With some asset allocators recommending high-yield corporate debt over investment-grade fare, the FlexShares High Yield Value-Scored Bond Index Fund (NYSEArca: HYGV) is an example of an ETF ready for its turn in the spotlight.

HYGV’s index reflects the performance of a broad universe of U.S.-dollar denominated high yield corporate bonds that seeks a higher total return than the overall high yield corporate bond market, as represented by the Northern Trust High Yield US Corporate Bond IndexSM. The fund generally will invest under normal circumstances at least 80% of its total assets (exclusive of collateral held from securities lending) in the securities of its index.

Investment-grade and high-yield spreads spiked in March, but have since come back in and with central banks supporting bond markets, investment-grade bonds look less appealing when measured against junk rivals.

“The risk/reward balance now looks much less appealing: The extraordinary monetary policy support has already priced in, and  IG is offering little buffer against risks such as rising rates due to its interest rate-sensitive nature, in our view,” according to BlackRock research. “High yield spreads have also narrowed sharply from late March (see the yellow line), yet there may still be room for further tightening, in our view, particularly as the economic restart gains steam.”

What’s Next for HYGV

HYGV focuses on value by pursuing the higher risk/return potential found by concentrating on a targeted credit beta; utilizes Northern Trust Credit Scoring methodology to eliminate the bottom 10% of issuers; performs liquidity assessment based on issuer’s debt outstanding, age, and remaining time to maturity with the purpose of eliminating the bottom 5% illiquid securities; and intends to match the duration of a market cap-weighted index (ICE BofAML US High Yield Index), while maintaining sector neutrality.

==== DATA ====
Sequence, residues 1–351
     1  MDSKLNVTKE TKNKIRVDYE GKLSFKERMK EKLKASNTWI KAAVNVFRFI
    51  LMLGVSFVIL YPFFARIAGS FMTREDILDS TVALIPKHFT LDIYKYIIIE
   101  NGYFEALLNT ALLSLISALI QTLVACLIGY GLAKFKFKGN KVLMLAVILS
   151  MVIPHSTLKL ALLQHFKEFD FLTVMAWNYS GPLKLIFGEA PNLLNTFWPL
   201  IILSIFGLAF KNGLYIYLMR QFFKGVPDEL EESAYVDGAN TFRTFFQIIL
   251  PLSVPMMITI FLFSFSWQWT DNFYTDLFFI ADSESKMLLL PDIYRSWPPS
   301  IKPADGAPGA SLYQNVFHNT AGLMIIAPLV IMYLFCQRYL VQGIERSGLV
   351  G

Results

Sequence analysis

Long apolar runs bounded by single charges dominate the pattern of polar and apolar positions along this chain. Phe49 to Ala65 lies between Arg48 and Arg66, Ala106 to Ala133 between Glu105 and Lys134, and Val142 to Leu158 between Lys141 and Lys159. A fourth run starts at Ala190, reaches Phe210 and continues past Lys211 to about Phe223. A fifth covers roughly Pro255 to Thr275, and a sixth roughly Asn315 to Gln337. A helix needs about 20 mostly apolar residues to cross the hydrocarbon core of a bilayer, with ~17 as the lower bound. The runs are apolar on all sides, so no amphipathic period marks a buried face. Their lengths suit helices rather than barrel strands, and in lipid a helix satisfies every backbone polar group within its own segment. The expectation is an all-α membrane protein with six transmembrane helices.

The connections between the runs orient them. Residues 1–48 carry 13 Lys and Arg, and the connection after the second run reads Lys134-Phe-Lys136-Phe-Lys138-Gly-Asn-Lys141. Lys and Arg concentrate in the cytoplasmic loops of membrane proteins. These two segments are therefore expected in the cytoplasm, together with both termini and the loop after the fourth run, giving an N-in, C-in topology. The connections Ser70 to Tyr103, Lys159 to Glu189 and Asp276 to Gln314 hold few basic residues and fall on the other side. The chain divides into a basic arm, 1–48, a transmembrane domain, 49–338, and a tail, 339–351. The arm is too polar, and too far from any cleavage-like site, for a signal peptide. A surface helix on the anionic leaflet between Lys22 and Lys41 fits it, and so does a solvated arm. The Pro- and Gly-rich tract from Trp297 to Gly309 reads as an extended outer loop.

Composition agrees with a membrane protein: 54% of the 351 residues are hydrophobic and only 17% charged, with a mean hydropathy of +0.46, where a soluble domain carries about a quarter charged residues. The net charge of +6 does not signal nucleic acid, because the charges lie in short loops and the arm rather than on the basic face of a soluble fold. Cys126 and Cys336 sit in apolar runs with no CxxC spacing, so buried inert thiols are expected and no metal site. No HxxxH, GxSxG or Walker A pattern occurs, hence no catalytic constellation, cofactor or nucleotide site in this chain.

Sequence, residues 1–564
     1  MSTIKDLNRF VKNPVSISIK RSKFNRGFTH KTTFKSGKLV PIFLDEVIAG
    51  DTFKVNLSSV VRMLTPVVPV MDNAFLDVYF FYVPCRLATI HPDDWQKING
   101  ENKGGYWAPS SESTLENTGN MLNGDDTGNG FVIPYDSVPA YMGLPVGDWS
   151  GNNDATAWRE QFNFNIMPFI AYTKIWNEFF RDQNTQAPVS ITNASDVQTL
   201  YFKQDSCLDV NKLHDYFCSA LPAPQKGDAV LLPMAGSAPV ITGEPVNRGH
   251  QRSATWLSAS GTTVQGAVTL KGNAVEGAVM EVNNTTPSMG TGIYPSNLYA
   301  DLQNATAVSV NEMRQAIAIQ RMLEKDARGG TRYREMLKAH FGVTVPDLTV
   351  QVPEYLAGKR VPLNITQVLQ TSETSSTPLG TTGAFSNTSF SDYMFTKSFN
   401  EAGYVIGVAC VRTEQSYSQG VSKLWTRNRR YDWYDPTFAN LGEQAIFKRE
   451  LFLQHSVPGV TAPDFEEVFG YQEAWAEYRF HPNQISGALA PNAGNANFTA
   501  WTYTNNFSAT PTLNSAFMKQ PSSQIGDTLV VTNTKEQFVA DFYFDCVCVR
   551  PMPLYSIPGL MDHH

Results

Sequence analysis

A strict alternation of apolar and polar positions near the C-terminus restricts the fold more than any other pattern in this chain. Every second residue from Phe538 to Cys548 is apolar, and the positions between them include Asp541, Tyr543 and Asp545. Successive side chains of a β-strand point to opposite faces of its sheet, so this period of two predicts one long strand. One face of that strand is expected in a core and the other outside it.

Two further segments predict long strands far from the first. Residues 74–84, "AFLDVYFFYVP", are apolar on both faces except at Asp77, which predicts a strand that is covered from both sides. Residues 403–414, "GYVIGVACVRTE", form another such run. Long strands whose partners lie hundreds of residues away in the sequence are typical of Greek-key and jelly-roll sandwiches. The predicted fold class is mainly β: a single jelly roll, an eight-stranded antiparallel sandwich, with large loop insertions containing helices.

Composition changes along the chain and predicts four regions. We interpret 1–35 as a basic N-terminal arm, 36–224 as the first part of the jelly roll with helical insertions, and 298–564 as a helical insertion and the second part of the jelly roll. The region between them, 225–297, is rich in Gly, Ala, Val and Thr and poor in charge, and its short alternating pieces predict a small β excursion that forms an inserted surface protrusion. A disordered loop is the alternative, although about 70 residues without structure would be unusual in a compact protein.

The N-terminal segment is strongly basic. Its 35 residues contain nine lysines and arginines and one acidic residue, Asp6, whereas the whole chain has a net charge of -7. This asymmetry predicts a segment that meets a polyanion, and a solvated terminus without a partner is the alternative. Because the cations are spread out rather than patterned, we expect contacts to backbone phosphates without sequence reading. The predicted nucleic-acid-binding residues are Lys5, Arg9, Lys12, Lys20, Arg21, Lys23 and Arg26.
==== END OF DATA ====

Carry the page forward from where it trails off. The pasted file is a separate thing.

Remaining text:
“Our stronger preference for high yield is also supported by fundamentals that appear disconnected from market pricing,” notes BlackRock. “The current pricing implies around 25% of the bonds on the Bloomberg Barclays U.S. Corporate High Yield Index could default over the next five years, our calculations showed.”

HYGV is significant at a time when many high-yield investors are still chastened by rampant credit downgrades. The weakness comes right after a record borrowing binge in recent years as many companies looked at the relatively low-rate environment as a cheap opportunity to borrow, with more investors willing to chase after speculative-grade debt for their more attractive yields.

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The opinions and forecasts expressed herein are solely those of Tom Lydon, and may not actually come to pass. Information on this site should not be used or construed as an offer to sell, a solicitation of an offer to buy, or a recommendation for any product.